As we celebrate National Breastfeeding Month, we’re still saddened by the discriminations many mamas face when it comes to them ‘choosing’ to breastfeed their babies. Breastfeeding one’s child is as natural a right as breathing, and still? Breastfeeding inequality exists and leaves many women not able to ‘choose’ breastfeeding after all.
Let’s be honest.
If you’re reading this article, we’re going to assume you have had the luxury to choose whether or not you breastfeed your baby. If we’re wrong in that assumption, forgive us; that’s what this whole article is about.
But, wait–choosing to breastfeed one’s baby is a luxury?
It’s a right! It’s as natural as breathing! It’s what our bodies were meant to do!
Mamas, we agree. Fully.
Breastfeeding is as natural a way to nourish future generations as there ever was.
But choosing to do so these days, and particularly in the United States, is a luxury.
Recently, Neve with We The Parents updated research and information about breastfeeding inequality she’d initially shared in 2018.
We were saddened to see that despite continued pushes to normalize breastfeeding and make breastfeeding an obvious and easy choice for moms–factors that were often out of their control simply took away their right to choose to breastfeed.
Breastfeeding Inequality: Your Choice To Breastfeed Depends More On Just Desire
It seems so common sense: I want to breastfeed my baby, so I will.
It’s usually pretty straightforward, right?
The bottom line is that for women of color, women of lower socioeconomic or family income groups, women of lower education levels and heck–women in general (because the modern workplace still doesn’t scream “Mother-Friendly”)–breastfeeding rates are lower.
Think about it…lower income levels mean you most likely have less access to paid maternity leave. Or you work in a job that probably won’t allow you to pump as you need, but somehow figure out how to make all the milk on your ‘Not Even OSHA-guaranteed’ break(s) during your workday–and if that is if you even get a break (those depend on state laws too).
If you are from a lower socioeconomic demographic, odds are you didn’t have the same access to prenatal, maternity and lactation support as did another mother in a higher SES, and the odds of your community and family support being the same, are lower.
And if we’re really honest (this may sting a little), bearing the badge of a ‘Badass Breastfeeding Mama’ or ‘Proud Crunchy Mama’ is a lot easier to do when we can feed our babies whenever they need and with the support of our social circles and communities. When you have to decide whether to keep your job so you can pay the electric bill (even if it means you formula feed) or nurse your baby but worry about how to keep a roof over your head?
But Can’t We Fight Breastfeeding Inequality?
Wait, you say again…
If a mother really wants to breastfeed her baby, she’ll find a way. She can pump, right? Healthcare plans mandate pumps now. Sort of. Your healthcare plan may only let you rent one, and the reality is, the lower-priced healthcare plans that many mothers of lower SES demographics offer lower levels of coverage.
Not to mention, have you ever talked to a mother who scraped enough pennies to even pay for her marketplace Affordable Care Act (ACA) insurance say, “I love my insurance! The family deductible is so low!”?
Because we haven’t. Yes, breast pumps are covered under every health insurance plan, but that’s *if* you even have insurance (many women can’t even afford the ACA coverage). And if you do have insurance, family deductibles are so high, many families only turn to using insurance benefits in dire need where life or limb is concerned.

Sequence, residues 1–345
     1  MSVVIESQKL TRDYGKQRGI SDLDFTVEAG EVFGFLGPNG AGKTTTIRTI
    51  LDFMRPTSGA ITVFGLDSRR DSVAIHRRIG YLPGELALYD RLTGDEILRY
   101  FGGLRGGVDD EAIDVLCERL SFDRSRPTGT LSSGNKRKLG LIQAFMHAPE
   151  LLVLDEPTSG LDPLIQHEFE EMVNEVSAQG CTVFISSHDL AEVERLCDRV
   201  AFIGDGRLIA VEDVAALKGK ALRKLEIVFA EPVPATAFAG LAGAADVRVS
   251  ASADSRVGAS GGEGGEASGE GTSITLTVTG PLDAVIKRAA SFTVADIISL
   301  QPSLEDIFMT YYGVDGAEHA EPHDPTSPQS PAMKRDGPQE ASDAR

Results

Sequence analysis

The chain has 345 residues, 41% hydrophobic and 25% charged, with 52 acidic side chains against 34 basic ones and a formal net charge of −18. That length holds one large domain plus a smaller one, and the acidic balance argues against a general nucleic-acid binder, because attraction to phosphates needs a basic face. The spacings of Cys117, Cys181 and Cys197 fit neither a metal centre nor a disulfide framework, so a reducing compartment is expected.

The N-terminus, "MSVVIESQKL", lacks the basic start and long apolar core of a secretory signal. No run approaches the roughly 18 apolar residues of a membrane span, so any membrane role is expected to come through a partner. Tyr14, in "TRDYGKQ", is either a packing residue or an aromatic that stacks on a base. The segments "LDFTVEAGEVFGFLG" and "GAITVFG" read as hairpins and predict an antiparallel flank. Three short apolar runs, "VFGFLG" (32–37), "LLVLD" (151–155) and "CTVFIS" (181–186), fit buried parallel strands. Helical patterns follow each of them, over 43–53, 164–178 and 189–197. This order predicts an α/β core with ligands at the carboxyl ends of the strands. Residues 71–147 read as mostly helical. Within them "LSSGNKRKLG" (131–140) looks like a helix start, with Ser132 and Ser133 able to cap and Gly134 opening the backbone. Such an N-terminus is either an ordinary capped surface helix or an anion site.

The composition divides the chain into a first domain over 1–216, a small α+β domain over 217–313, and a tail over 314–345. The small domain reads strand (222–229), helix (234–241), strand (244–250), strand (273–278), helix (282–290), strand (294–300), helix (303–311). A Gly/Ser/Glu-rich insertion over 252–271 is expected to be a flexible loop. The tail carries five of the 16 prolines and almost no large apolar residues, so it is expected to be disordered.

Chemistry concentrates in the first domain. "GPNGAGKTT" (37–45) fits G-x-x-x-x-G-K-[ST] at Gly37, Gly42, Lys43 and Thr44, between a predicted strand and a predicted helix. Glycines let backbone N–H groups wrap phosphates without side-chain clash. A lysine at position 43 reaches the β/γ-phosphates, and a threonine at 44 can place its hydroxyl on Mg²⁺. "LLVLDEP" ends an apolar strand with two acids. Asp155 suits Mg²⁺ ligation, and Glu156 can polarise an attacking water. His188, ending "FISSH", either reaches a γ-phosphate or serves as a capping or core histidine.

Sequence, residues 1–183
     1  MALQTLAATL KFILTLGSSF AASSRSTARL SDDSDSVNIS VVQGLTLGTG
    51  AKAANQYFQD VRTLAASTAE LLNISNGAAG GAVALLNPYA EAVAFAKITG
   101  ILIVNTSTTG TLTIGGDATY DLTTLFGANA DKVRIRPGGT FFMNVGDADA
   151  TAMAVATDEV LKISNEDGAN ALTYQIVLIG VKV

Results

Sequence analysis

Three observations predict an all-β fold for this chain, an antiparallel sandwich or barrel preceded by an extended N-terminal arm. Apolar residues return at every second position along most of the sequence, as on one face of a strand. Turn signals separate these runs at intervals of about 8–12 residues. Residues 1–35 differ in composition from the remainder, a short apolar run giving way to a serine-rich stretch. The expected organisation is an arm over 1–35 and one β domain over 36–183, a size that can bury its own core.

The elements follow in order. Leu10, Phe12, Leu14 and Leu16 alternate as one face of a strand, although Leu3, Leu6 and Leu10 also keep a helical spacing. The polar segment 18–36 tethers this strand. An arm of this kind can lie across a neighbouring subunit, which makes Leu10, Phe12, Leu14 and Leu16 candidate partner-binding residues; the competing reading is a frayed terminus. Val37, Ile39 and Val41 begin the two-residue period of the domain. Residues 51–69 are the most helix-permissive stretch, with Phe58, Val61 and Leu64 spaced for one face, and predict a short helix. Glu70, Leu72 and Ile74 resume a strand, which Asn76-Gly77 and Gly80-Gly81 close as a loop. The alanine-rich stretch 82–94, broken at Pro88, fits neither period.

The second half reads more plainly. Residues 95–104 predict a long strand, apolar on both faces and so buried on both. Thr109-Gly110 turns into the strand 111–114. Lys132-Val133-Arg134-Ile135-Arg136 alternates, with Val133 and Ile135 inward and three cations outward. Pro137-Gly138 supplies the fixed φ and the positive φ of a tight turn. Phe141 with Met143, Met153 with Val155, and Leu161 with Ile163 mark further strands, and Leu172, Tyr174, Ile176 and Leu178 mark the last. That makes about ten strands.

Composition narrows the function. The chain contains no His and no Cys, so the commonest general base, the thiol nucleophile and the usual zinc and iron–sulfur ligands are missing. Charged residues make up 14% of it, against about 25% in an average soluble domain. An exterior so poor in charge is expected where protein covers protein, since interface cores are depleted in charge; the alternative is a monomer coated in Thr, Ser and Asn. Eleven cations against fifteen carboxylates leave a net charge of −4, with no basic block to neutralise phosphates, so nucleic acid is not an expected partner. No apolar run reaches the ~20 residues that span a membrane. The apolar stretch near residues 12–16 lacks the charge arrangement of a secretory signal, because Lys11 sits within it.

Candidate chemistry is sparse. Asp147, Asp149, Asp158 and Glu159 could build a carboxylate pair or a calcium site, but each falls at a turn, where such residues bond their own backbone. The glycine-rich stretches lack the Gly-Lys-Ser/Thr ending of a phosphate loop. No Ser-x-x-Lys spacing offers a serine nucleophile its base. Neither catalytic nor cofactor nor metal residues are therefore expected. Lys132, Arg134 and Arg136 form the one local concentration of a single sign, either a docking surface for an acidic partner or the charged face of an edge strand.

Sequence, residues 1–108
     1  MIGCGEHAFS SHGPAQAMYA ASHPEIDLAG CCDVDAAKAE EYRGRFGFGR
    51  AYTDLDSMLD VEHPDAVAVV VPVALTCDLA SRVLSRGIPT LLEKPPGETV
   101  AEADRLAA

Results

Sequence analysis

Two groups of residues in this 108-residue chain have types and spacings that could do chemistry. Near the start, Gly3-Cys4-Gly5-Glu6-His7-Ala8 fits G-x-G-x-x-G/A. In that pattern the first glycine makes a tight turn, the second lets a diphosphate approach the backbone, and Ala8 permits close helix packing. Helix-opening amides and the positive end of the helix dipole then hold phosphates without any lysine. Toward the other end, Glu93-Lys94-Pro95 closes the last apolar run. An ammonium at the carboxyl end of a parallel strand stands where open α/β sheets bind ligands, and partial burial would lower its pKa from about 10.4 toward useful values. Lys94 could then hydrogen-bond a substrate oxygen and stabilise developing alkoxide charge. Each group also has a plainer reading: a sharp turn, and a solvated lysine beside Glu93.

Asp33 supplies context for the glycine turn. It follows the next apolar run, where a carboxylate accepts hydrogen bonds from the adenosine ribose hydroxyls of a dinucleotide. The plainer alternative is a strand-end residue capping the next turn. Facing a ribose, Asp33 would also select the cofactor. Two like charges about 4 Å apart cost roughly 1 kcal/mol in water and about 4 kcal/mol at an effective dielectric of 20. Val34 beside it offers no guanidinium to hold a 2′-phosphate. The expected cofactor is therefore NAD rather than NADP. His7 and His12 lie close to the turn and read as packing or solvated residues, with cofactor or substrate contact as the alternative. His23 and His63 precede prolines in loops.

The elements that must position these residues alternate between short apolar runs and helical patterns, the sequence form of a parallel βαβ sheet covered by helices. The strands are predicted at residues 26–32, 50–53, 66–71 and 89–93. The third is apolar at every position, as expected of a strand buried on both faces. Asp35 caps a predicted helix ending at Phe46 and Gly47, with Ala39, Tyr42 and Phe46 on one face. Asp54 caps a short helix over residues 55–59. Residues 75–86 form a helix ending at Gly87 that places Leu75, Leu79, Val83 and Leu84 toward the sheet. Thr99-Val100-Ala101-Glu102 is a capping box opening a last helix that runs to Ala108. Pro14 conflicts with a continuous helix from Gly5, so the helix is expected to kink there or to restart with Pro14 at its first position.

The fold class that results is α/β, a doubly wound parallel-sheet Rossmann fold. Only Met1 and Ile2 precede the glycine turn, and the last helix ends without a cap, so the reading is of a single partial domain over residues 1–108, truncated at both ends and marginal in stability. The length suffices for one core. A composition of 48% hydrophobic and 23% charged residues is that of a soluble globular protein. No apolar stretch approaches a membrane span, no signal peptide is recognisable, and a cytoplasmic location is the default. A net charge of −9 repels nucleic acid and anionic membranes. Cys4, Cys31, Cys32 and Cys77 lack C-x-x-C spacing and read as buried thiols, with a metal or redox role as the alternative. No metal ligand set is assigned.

And health insurances (most) don’t cover the bottles. Or nipples. Or storage bags.
Also, many insurance coverages say that they’ll ‘cover’ nursing and counseling for the duration of your breastfeeding period, but they often turn that off at 6 months. Why? Because that’s what the American Academy of Pediatrics recommends. Though they say they prefer breastfeeding through the first year, many insurance companies see that ‘recommendation’ cutoff at 6 months, and a mother’s right to breastfeed longer? Not always her own.
Yes, we’d like to believe, “Where there’s a will, there’s a way,” but when we deny the blatant inequalities that make it so difficult for our sister mamas to breastfeed? Willpower wanes.
Besides, yes–we want a baby to get mama’s milk (especially those who are in lower-income levels and demographics, as their options for nutritious solid foods typically are limited as well). But there’s a lot to be said for the bond of a mother and her baby when she is breastfeeding vs. pumping. Figuring workarounds for poor maternity leave, poor lactation counseling options and poor support for poor women continue to make their choice to breastfeed one they barely get to make.
We CAN fight breastfeeding inequality. We can support policies and legislation that are pro-mama and pro-breastfeeding so they in turn are pro-baby. We can share what we know with our clinicians and ask them what they’re doing–what’s your OB-GYN or your child’s pediatrician doing to ensure their marginalized populations are cared for when it comes to breastfeeding inequality? You may stop them in their tracks when you ask, but it’s important that you do.
We can raise awareness for the fact that there IS indeed such a thing as breastfeeding inequality. If we’re lucky enough to never have dealt with it, may we use that favor to help support sister mamas who aren’t.
You can learn more about breastfeeding inequality and why it matters at We The Parents.